Aleksandra GARBAL (b. 1970)
Mysterious Garden of 20th and 21st Century’s Miniatures
Iwona Blacha-Durczok (piano)
Aleksandra Garbal (soprano & organ)
Paweł Gusnar (saxophone)
Jacek Gwidon (cello)
Piotr Kopiński (piano)
Maciej Kozendra (cello)
Agnieszka Kozło (piano)
Anna Lewicka-Capiga (piano)
Jerzy Matysiak (clarinet)
Aleksandra Rogowska (marimba)
Jerzy Sojka (flute)
Gabriela Szendzielorz-Jungiewicz (piano)
Kamil Zdebel (baritone)
rec. 1997-2017, Music Academies of Karol Szymanowski & Mieczysław Karłowicz, Katowice; Music University of Fryderyk Chopin, Warsaw
Booklet included (Polish, English) No song texts
ACTE PRÉALABLE AP0416 [78:15]
Aleksandra Garbal is an indefatigable champion of Polish music, who has garnered acclaim and awards both as a composer and performer. A true eclectic, it is impossible to pigeon-hole her stylistically as a composer. At ease writing for almost any instrument imaginable, she is a master of melody, rhythm and color. In this recording, thirteen of her shorter works, which she deems her miniatures, are performed by some of Poland’s finest musicians, including Garbal herself.
As with many of her compatriots, both past and present, Garbal finds inspiration in Polish folk music, demonstrated in the two vocal works on this programme. The first selection on the disc, Pójdę sobie do ogródka Pójde (I will go to the garden), which served as the inspiration for its title, incorporates a folk melody from a small town in Silesia near the Czech border. Garbal sings the wistful song in her pure, expressive soprano to the piano accompaniment of Iwona Blacha-Durczok.
Together with baritone Kamil Zdebel, they also perform Dolina – Introductio – Dolina, a tripartite work that quotes an ancient folk melody from a tiny village in the same region. (Dolina means valley in Polish.) The voices engage in an echo-like exchange of bits of melody in an austere, mysterious work that Garbal intended as a reflection upon the human condition. It is all the more moving for its simplicity.
Poland’s history, both recent and past, also inspires Garbal. Recitativo e Arioso per violoncello solo was composed in response to the crash of a Polish Air Force plane on 10 April 2010 near the city of Smolensk, Russia in which 96 people perished, including the President of Poland Lech Kaczyński, his wife Maria and Ryszard Kaczorowski, Poland’s last president-in-exile.
The tragedy was compounded by the fact that the dignitaries were en route to commemorate the 70th anniversary of the Katyn massacre, in which approximately 22,000 Polish intellectuals, politicians, and military officers were murdered by the Soviets during World War II. Survivors of the victims of the massacre were among those killed in the crash. Garbal expresses her sense of isolation and impotence on that sad day in this powerful, moving work.
The piece starts out with an angry burst of sound, followed by jagged phrases that stop abruptly. Eventually the fragments coalesce and a plaintive melody emerges, which in turn struggles to be heard, as it too is interrupted by pizzicato outbursts and profound, cavernous silences. The lament reemerges until it dissolves and eventually fades away into nothingness. It is performed here with searing intensity by cellist Jacek Gwidon.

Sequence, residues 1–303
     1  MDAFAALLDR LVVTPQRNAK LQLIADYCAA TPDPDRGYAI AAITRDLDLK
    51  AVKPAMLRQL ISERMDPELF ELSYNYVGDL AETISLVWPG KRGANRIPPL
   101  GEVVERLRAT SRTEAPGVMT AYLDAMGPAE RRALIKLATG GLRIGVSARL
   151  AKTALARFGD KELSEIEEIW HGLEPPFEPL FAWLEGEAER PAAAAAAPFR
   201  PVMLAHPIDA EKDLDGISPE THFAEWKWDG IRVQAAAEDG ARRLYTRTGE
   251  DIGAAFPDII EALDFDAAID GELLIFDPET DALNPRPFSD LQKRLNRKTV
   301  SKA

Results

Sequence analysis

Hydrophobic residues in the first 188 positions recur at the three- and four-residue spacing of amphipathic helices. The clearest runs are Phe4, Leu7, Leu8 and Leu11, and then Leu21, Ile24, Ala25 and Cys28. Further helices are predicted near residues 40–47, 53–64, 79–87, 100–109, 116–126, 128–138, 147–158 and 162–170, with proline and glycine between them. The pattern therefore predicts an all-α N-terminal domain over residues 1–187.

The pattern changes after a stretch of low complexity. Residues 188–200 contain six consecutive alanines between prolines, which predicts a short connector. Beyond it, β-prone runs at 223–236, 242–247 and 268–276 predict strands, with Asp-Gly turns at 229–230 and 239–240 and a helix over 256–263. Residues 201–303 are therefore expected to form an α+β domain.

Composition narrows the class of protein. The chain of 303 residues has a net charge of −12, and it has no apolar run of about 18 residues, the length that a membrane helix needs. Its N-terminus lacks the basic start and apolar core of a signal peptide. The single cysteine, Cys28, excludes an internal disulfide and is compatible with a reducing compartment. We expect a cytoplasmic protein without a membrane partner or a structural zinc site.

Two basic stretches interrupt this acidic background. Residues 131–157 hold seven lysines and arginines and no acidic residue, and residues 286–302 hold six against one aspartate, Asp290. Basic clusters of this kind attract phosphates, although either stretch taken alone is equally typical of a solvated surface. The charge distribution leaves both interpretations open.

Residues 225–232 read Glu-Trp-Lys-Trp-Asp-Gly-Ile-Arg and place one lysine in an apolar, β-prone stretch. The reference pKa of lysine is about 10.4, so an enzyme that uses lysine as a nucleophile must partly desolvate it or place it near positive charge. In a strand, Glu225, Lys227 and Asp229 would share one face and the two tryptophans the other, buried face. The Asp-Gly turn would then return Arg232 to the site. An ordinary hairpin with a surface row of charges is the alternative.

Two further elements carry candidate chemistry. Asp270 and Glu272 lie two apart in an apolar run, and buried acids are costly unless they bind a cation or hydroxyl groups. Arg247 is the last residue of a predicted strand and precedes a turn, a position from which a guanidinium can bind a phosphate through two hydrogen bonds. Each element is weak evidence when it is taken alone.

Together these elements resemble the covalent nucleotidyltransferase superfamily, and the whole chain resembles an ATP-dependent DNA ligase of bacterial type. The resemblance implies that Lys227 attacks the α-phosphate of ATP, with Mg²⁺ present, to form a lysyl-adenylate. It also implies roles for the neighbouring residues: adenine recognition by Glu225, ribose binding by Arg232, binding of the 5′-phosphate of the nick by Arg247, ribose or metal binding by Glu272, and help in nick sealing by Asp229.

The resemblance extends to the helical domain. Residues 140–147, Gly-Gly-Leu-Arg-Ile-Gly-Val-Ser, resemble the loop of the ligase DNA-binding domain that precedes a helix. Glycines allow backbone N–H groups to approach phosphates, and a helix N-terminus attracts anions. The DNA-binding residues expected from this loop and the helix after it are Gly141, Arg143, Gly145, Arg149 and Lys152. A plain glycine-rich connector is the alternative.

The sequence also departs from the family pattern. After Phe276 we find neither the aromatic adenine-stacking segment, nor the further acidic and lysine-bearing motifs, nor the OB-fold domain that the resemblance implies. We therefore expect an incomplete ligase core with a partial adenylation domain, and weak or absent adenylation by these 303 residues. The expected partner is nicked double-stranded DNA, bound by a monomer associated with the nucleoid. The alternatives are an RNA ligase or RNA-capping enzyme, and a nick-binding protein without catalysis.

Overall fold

There are joyous works on this release as well. The Chorale for marimba has an immediate appeal due to its vibrancy and kaleidoscope of colors captured in a virtuoso performance by Aleksandra Rogowska. Walc jednej chwili, a one moment waltz lasting about three minutes, performed by Gabriela Szendzielorz-Jungiewicz, combines the style of the French Impressionists with the wit of Erik Satie.
The final work on the disc is Sursum Corda – Habemus ad Dominum, a brilliant, Widor-like explosion of rhythm and color that caught the attention of the American organist Diane Bish. One wishes that Garbal, who performs it, had a more imposing instrument at her disposal to fully capture the work’s grandeur.
Garbal wrote an introductory essay and brief descriptions of each of the 13 works that are printed in the original Polish as well as in English translations. There are extensive biographies of Garbal, as well as the other performers in both languages, but no texts or translations for the two vocal pieces.
The works were recorded at various times in different places and locations, some before live audiences. Sound quality can vary, but never the level of musicianship or the commitment of the performers. As with all Acte Préalable recordings, the spirit of the endeavor overrides any technical deficiencies.
Having listened to this recording many times in working up this review I never tired of Garbal’s music. In fact, it was just the opposite, as repeated exposure revealed the depths of her artistry. These offerings from her mysterious, musical garden are well with a listen.
Previous review: Stuart Sillitoe
Pójdę sobie do ogródka (I will go to the garden) for soprano and piano [2’01] (2012)
Chorale for marimba solo [7’19] (1997)
Aria for flute solo [6’30] (2005, rev. 2016)
Affresco per saxophone alto e pianoforte [6’08] (2011)
Thoughts II for piano solo [8’54] (1997)
Recitativo e Arioso per violoncello solo [9’45] (2010)
Diptych for piano [4’37] (2010)
Incantation for clarinet solo [5’54] (1994, rev. 2009)
Aria per violoncello e pianoforte [3’05] (2010)
Walc jednej chwili for piano solo [3’01] (2013)
Dolina – Introductio – Dolina (Valley – Introduction – Valley) for soprano, baritone and piano [4’34] (2014)
Five Preludes for piano [13’50] (2011–2013)
Toccata Sursum Corda – Habemus ad Dominum for organ [2’33] (2017)